|What it’s like to live on a cruise ship for 8 years|
I still remember his words. “Don’t stop cruising,” my husband told me the day before he died of cancer in 1997. Mason was a banker and real estate appraiser who introduced me to cruising. During our 50 years together, we had taken 89 cruises.
Alone and struggling to maintain a large four-bedroom home after his death, I took my daughter’s advice, sold our house and a lifetime’s accumulation of furnishings and collectibles and became a permanent resident on a five-star cruise ship.
That decision took quite a bit of soul searching. I worried about distancing myself from friends and family. But as I thought about it, I realized that my children were grown and doing their own thing. Nothing was holding me back.
[My son saw a crime and called 911. No one came.]
Here I am today, nearly eight years later, turning 88 in May, sailing to Sydney. I’ve been on this 12-year-old vessel longer than almost all of its 655 crew members. At the captain’s cocktail parties, I’m often honored as the passenger with the greatest number of Crystal cruises (400 altogether, including 15 world cruises).
I rarely go ashore nowadays because I’ve probably already been there several times. When most everybody else goes, it‘s so quiet, and I have almost the whole ship to myself. I’ll read, watch a movie, continue my needlepoint work or just take a nap.
What most I miss, of course, is my family. I manage to get my mail and keep in touch with my three sons and seven grandchildren with my laptop. I’m also blessed with a 2-year-old great grandson who’ll be getting twin brothers in July. I hear from a family member almost everyday, and visit with them whenever we dock in Miami. Last year we docked there five times.
[Were my husband and I still a match? We asked eHarmony.]
Cathy Lee, my daughter, died five years ago at age 59. Most of my close friends in Florida are also gone. Now, as a longtime cruiser, though, I get to make new friends all the time.
Three other women live on the ship like I do, but none for nearly as long as I have. Perks come in the form of nice floral arrangements, occasional shipboard credits and actual cash rewards upon reaching high-level cruise number milestones.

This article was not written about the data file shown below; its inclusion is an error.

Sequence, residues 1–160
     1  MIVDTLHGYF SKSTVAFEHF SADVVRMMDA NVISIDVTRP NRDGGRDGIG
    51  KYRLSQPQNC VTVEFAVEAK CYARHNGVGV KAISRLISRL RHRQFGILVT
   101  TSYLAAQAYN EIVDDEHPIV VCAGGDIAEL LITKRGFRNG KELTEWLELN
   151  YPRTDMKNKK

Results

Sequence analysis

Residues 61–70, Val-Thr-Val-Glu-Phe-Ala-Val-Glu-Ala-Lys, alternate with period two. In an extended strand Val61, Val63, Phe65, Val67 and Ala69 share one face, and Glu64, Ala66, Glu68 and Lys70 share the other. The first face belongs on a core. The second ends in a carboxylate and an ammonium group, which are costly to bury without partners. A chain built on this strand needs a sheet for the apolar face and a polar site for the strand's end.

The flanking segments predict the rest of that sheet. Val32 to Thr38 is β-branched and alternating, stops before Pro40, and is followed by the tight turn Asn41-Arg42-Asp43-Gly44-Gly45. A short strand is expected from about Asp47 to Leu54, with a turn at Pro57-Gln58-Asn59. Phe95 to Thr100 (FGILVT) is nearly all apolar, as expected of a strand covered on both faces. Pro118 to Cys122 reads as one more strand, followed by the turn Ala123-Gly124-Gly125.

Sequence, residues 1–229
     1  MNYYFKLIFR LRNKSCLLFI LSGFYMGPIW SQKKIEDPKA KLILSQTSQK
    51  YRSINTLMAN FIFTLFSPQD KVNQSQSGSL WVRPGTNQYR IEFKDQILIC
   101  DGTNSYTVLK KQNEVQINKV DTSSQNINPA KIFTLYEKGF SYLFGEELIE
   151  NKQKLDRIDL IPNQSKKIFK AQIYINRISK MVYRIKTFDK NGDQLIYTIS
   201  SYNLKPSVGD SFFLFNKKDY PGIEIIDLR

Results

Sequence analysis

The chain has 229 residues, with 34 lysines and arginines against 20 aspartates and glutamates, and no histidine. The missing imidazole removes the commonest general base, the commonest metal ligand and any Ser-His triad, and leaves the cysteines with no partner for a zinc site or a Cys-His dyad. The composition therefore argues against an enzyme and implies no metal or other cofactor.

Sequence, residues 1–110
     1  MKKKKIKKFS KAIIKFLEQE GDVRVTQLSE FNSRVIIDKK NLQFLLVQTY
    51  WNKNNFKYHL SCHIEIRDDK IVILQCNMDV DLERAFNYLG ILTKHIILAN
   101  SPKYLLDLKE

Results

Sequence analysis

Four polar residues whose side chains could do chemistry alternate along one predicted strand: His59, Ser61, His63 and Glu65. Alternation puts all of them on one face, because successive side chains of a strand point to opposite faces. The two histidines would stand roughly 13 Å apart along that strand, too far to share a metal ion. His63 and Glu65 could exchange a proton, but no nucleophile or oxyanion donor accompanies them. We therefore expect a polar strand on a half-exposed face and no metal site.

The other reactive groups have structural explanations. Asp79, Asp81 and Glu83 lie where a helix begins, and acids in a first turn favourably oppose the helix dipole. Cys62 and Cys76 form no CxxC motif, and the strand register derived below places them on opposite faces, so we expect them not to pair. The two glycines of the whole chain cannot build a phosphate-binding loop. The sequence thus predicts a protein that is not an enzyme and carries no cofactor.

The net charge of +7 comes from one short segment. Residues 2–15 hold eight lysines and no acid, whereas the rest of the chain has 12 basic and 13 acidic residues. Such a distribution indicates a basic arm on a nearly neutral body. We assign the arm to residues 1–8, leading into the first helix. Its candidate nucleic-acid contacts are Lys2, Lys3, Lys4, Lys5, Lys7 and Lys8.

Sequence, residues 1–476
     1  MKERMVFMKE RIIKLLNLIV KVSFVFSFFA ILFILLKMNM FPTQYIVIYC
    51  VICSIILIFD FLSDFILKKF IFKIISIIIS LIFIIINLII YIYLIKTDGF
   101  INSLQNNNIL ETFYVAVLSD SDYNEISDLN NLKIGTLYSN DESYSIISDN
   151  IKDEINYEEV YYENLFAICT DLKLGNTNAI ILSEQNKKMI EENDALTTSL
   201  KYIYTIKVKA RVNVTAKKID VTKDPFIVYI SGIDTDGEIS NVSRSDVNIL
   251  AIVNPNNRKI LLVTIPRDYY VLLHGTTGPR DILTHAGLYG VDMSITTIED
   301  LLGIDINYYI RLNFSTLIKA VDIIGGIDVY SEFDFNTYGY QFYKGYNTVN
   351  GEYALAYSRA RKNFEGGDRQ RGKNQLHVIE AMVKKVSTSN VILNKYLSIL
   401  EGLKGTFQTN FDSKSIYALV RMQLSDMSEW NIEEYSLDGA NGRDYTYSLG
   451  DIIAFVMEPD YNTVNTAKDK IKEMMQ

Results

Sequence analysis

About $450 is my daily average cost. It’s pricey, but luckily my husband was an excellent provider.
Crystal Cruises’ reputation and the availability of dance hosts for passengers traveling alone (there are meet-and-greet cocktail parties and other events for people traveling alone) are what really sold me on the Crystal Serenity.
I enjoy dancing, and this I believe is the best cruise line that still uses dance hosts. My husband didn’t dance, just didn’t like to, but encouraged me to dance with the hosts. Before the Serenity, I lived on a Holland America liner for three years. The day they announced they were stopping the dance host program was the day I decided to leave.
I love to eat and regularly dine at a table for eight. You meet interesting passengers that way. Since coming on board more than seven years ago, I’ve put on 23 pounds. To shake them off, I went on a four-month liquid and fruit diet. It was working, but the pounds came back after resuming my normal eating habits. I just order half portions now and believe what they say. “The older you get, the harder it is to lose weight.”
[Boys play with dolls, and girls play with spaceships. Someone tell the toy makers.]
Most days I spend quite a bit of time in the bright Palm Court lounge doing needlepoint work. It’s my second love. Been doing it for 50 years and have helped teach it to other passengers. Whatever I make, I give to crew members. They really bend over backward to keep me happy. If they don’t have what I want, they get it even if they have to buy it off the ship or custom make it. One crew member built extra storage shelves for me. Another made a neat framed cushion wall hanging that holds almost all my earrings.
As a former registered nurse with a good immune system, I’ve very rarely felt the need to see the ship’s doctor. But trying to get rid of a lingering, nasty cold once, I did. His RX: “You have laryngitis. Don’t talk.”
I’m so spoiled that I doubt I would ever be able readjust to the real world.
As told to Si Liberman, a Florida-based journalist and travel writer who profiled Lee Wachtstetter for USA Today. Liberman was Sunday Editor of the Asbury Park Press for 40 years.